The Norman/Welsh chronicler Gerallt Gymro (c.1146 – c.1223) described the origin of his family name in his 'The Itinerary of Archbishop Baldwin through Wales' (also known as 'The Journey through Wales'). Gerallt Gymro, also known as French: Gerald de Barri, Latin: Giraldus Cambrensis and Gerald of Wales, wrote "Not far from Caerdyf (sic) is a small island situated near the shore of the Severn, called Barri, from St. Baroc, who formerly lived there, and whose remains are deposited in a chapel overgrown with ivy, having been transferred to a coffin. From hence a noble family, of the maritime parts of South Wales, who owned this island and the adjoining estates, received the name of de Barri." Going on to describe the island's well, he wrote: "It is remarkable that, in a rock near the entrance of the island, there is a small cavity, to which, if the ear is applied, a noise is heard like that of smiths at work, the blowing of bellows, strokes of hammers, grinding of tools, and roaring of furnaces ; and it might easily be imagined that such noises, which are continued at the ebb and flow of the tides, were occasioned by the influx of the sea under the cavities of the rocks. Many locals believe it instead to be the ghost of a local hero they call Benedict y Diffoddwr or in English 'Benedict the Fighter'. It is said that when his ship, The Tam Lyn, was overrun by pirating Spaniards he almost single-handedly fought and killed the entire body of pirates even after they had slaughtered his entire crew. He then managed to sail his ship back to port on his own where he was heralded as a hero. They say after many other voyages during which it is rumoured he fought off many other pirates (source unverifiable) he eventually died when he was caught in a great storm on the coast, during which his ship was irreparably damaged and sunk to the bottom of the ocean. The locals who believe the legend of Benedict claim that their defender still lingers in the rocky areas on the South coast, protecting the inhabitants from foreign invaders. " The 1908 Everyman edition contains a brief description of Barry Island by the Benedictine monk Hugh Paulinus de Cressy (c.1605–1674): "Barri Island is situated on the coast of Glamorganshire; and, according to Cressy, took its name from St. Baruc, the hermit, who resided, and was buried there. The Barrys in Ireland, as well as the family of Giraldus, who were lords of it, are said to have derived their names from this island. John Leland, in speaking of this island, says, 'The passage into Barrey isle at ful se is a flite shot over, as much as the Tamise is above the bridge. At low water, there is a broken causey to go over, or els over the shalow streamelet of Barrey-brook on the sands. The isle is about a mile in cumpace, and hath very good corne, grasse, and sum wood; the ferme of it worth aio a yere. There ys no dwelling in the isle, but there is in the middle of it a fair little chapel of St. Barrok, where much pilgrimage was usid.'" Ernest Rhys, the Editor, adds in 1908: "The 'fair little chapel' has disappeared, and 'Barry Island' is now, since the construction of the great dock, connected with the mainland, it is covered with houses, and its estimated capital value is now £250,000."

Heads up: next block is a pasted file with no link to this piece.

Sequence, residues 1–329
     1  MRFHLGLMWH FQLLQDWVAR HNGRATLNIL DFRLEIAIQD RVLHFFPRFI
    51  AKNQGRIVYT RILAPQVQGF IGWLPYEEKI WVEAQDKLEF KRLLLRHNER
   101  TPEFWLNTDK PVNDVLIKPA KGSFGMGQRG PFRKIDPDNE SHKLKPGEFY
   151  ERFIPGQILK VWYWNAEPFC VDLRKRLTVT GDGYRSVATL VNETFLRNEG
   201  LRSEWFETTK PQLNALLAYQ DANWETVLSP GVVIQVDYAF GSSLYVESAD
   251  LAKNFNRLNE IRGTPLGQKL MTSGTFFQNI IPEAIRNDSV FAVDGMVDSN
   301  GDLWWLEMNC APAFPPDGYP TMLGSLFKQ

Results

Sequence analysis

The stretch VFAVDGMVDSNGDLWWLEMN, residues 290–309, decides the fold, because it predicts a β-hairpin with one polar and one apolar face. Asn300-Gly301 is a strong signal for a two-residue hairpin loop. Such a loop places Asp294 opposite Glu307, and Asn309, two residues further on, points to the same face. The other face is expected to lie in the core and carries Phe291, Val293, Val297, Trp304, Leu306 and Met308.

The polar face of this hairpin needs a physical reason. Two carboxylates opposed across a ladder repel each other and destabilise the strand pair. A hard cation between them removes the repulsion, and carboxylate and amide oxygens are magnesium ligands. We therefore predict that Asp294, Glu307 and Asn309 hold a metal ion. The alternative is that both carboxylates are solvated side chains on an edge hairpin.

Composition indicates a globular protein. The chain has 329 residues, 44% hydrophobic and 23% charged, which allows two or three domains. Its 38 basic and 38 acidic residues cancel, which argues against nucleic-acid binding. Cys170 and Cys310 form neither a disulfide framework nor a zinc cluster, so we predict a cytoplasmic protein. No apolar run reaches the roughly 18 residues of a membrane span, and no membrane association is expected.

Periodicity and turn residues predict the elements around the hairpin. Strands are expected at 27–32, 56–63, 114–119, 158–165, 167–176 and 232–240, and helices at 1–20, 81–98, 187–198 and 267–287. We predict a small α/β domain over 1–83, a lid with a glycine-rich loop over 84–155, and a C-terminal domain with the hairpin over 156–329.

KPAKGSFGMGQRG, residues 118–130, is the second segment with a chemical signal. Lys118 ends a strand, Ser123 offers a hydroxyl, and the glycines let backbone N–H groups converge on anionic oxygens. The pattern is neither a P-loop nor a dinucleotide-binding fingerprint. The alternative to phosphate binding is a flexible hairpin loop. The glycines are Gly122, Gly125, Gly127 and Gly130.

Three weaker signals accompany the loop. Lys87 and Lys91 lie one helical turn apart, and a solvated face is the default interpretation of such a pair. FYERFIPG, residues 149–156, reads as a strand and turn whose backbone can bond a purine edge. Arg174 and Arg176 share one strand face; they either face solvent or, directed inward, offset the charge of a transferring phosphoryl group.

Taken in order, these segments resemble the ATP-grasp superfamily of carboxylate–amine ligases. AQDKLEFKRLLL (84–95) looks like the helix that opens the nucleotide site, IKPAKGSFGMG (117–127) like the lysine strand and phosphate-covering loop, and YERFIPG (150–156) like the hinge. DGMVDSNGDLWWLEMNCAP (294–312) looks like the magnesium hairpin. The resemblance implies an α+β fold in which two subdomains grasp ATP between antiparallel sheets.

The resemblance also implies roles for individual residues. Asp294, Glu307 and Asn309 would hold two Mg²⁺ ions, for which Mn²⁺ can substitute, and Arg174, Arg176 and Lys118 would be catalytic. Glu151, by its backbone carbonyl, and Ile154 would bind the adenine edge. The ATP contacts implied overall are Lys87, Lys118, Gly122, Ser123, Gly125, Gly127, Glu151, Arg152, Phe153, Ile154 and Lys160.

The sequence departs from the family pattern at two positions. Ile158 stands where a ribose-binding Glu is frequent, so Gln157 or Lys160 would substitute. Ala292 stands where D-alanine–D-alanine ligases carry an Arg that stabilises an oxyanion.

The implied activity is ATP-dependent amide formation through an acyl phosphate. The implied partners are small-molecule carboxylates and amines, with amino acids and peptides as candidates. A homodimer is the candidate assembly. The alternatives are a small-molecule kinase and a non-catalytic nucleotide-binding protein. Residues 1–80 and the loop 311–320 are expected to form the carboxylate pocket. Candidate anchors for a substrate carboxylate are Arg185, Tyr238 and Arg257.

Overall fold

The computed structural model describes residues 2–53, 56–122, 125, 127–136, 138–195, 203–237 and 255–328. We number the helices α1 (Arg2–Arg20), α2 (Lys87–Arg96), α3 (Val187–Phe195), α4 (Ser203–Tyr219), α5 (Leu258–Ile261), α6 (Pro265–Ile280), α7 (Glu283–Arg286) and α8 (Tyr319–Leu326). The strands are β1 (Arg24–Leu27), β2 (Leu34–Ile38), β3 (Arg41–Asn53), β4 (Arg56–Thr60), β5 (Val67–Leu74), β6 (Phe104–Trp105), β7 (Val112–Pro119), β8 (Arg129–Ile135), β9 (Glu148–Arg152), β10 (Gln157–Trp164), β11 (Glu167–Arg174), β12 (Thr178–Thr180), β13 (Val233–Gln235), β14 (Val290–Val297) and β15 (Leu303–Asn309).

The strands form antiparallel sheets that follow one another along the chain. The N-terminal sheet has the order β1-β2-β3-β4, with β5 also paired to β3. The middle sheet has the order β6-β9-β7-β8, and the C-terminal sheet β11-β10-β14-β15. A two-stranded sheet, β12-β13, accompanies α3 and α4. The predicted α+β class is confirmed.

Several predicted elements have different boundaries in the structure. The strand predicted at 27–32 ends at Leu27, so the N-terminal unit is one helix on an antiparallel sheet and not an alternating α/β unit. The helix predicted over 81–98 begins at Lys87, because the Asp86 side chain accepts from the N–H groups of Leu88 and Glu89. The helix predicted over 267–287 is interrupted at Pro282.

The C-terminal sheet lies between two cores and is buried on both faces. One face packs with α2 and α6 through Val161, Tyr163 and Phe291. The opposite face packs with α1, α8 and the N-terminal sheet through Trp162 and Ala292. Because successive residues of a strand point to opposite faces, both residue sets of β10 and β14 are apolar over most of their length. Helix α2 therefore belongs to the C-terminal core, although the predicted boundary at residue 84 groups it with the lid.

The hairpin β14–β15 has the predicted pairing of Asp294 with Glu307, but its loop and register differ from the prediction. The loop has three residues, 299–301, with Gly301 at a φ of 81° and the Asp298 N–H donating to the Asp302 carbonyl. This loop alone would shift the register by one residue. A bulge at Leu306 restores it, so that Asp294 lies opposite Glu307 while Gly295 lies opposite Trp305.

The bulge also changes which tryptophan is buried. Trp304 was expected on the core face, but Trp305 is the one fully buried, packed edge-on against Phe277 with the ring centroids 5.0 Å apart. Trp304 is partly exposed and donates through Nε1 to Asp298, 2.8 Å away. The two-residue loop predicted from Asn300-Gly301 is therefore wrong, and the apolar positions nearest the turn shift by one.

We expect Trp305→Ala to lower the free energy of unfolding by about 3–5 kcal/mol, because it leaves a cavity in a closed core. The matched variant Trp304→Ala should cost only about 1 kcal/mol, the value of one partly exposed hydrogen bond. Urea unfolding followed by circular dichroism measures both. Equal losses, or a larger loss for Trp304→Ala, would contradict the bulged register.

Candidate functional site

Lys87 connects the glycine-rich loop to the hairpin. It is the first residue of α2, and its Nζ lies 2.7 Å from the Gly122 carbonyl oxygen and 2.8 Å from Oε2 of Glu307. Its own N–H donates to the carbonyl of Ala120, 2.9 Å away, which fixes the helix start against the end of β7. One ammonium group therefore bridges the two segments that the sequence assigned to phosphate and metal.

Until 1896, when a rail link with the mainland via a 250-yard long pier structure was completed, the only access to Barry Island had been either on foot across the sand and mud at low tide, or when the tide was in, by Yellow Funnel Line paddle steamer. Barry Island railway station is the terminus of the Vale of Glamorgan Line and connects to Cardiff, about 9 miles (14 km) north north east of Barry. Further tourist attractions were developed on the island, and by 1934 the number of visitors to the fairground during the August Bank Holiday week was over 400,000.